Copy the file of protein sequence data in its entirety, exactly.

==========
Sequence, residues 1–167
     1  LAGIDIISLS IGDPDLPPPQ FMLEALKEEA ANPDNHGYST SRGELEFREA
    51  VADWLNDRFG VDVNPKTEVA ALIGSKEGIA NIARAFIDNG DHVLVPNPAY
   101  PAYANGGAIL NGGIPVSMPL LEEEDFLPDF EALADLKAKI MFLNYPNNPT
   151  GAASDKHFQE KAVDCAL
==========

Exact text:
Sequence, residues 1–167
     1  LAGIDIISLS IGDPDLPPPQ FMLEALKEEA ANPDNHGYST SRGELEFREA
    51  VADWLNDRFG VDVNPKTEVA ALIGSKEGIA NIARAFIDNG DHVLVPNPAY
   101  PAYANGGAIL NGGIPVSMPL LEEEDFLPDF EALADLKAKI MFLNYPNNPT
   151  GAASDKHFQE KAVDCAL